Manchester’s bid to host the 2000 Olympics failed as “no-one in their right mind” would go there over Sydney, according to newly-released government files from an inquiry into the failure.
Documents on the doomed bid of 1993, released by the National Archives, gave various reasons the city missed out.
Damian Green, who later became an MP and cabinet member, said it was “hard to imagine” it ever being successful.
An aide blamed the use of “old buffers” and an “arrogant attitude”.
The host city for the first Olympics of the new millennium was chosen in September 1993 and Manchester went into the bidding process with high hopes. But it came third out of five hopeful cities, trailing behind winner Sydney and second-choice Beijing.
A “post-mortem” into the failure was conducted in February 1994.
“We have had too many nice old buffers running things or representing Britain on international sporting bodies,” Downing Street aide Alex Allan said in a dispatch to the then Prime Minister John Major, citing as examples Mary Glen-Haig, an Olympian at the London Games in 1948, and sports administrator Marea Hartman, who died aged 73 later that year.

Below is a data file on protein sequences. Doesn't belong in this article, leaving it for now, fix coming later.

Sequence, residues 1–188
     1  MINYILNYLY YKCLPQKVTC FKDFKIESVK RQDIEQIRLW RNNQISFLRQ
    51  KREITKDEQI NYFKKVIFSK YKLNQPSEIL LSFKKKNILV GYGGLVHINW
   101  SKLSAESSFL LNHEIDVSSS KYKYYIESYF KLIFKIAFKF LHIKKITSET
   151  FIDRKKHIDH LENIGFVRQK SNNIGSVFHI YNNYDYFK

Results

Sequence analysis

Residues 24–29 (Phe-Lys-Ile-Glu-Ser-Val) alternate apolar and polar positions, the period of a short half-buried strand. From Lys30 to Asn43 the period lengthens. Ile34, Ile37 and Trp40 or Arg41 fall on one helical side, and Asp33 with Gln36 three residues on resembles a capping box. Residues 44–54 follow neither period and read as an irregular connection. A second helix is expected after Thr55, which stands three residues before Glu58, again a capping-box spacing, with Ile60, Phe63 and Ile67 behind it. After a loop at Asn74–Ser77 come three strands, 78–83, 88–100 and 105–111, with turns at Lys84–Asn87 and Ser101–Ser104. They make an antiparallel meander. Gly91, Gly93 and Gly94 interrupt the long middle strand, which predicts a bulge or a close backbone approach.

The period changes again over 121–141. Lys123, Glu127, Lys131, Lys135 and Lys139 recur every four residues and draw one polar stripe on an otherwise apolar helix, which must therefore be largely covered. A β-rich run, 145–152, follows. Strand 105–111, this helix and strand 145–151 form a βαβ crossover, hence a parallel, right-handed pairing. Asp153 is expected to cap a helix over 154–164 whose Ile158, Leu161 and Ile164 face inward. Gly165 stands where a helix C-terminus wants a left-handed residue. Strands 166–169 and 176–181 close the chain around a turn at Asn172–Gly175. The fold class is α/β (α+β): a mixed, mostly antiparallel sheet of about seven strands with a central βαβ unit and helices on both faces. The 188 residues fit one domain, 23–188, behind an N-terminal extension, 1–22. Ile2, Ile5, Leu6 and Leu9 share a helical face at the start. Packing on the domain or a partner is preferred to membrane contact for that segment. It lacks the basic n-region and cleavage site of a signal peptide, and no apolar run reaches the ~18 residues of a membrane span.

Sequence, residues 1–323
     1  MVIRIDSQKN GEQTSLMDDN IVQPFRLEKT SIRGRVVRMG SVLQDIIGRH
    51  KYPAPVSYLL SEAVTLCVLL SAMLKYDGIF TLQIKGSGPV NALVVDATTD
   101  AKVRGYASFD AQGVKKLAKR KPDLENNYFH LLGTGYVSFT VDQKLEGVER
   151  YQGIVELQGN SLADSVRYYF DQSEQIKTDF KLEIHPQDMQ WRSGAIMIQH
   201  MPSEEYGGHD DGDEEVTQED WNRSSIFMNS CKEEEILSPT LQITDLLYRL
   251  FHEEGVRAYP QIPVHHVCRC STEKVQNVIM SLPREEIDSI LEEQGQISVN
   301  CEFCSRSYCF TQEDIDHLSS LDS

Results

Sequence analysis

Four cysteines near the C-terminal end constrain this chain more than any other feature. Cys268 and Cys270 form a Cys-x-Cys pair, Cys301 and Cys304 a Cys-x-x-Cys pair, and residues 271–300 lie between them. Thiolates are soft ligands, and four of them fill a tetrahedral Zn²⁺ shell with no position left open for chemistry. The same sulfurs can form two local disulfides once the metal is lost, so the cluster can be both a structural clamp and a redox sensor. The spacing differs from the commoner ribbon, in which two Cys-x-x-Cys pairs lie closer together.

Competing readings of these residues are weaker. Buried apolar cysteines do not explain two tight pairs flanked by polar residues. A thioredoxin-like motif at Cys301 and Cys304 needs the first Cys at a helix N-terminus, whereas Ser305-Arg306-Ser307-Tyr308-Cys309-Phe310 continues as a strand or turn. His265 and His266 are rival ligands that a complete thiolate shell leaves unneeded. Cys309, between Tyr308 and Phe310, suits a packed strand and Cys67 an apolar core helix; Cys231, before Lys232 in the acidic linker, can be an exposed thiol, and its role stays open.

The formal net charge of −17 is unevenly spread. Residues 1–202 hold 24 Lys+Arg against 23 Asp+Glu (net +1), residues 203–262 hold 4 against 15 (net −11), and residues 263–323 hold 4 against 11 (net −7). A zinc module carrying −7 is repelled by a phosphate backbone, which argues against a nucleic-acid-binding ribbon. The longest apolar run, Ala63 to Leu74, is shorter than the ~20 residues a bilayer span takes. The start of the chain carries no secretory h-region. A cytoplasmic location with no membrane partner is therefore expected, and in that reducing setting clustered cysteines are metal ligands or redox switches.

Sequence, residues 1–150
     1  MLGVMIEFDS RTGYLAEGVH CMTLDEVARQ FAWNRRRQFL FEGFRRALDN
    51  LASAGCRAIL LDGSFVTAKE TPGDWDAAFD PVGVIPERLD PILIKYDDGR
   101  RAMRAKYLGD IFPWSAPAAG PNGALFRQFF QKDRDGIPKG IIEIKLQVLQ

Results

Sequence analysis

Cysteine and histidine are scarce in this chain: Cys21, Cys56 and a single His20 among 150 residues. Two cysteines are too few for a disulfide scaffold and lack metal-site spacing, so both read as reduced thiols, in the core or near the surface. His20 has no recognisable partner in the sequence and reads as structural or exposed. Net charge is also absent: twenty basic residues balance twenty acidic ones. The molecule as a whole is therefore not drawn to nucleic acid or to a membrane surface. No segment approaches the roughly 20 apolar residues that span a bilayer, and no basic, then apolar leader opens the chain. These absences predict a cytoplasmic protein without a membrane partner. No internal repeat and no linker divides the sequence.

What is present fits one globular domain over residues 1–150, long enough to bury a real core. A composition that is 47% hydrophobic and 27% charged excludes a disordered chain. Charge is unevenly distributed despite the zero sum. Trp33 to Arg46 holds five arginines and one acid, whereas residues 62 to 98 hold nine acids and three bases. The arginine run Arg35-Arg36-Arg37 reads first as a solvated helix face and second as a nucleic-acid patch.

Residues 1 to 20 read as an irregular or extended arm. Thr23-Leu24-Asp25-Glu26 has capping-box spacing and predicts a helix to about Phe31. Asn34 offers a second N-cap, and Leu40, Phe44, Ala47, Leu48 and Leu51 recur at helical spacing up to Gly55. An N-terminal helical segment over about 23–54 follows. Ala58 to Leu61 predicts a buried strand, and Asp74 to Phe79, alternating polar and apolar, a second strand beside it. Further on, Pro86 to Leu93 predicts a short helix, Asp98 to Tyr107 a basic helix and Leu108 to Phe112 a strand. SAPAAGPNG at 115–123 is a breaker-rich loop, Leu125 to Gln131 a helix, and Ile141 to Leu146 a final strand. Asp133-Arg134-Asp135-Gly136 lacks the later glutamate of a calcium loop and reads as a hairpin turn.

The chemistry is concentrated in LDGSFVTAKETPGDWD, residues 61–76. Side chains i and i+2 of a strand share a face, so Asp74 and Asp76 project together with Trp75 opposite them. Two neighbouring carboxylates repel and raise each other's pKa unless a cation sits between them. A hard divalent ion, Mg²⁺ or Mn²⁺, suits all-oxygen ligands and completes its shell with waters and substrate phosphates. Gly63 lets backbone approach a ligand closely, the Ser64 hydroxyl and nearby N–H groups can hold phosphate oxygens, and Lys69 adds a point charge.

“We have also adopted rather an arrogant attitude, based either on past glories or on a belief that many of those now running international sporting bodies are corrupt and/or power-mad,” Mr Allan added.
“Some probably are – but we didn’t win any friends by saying so.”
Meanwhile, Mr Green, who worked in the Prime Minister’s Policy Unit in 1994 before becoming an MP three years later, said the reason was “obvious… no-one in their right mind would spend three weeks in Manchester rather than Sydney”.
The secret files also contained a previously unseen speech celebrating Manchester’s victory, which saw Mr Major commend Britain’s “world-beating success”.
The draft entitled “Prime Minister’s statement: If Manchester wins” added: “This success shows that when we put our minds to something in Britain, we are world-beaters.
“We went for gold and got it.”
However, defeat meant the victory speech was never heard in public.
Other files show correspondence between Mr Major and International Olympic Committee president Juan Antonio Samaranch in September 1993, ahead of the crucial vote, in which the prime minister hinted at the possibility of a meeting between the two.
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The reply was sent after the result, with Mr Samaranch expressing regret there could only be one winner and inviting the Major family to “visit the Olympic Museum at your best convenience”.
Manchester would go on to host the 2002 Commonwealth Games, while London hosted the Olympics in 2012.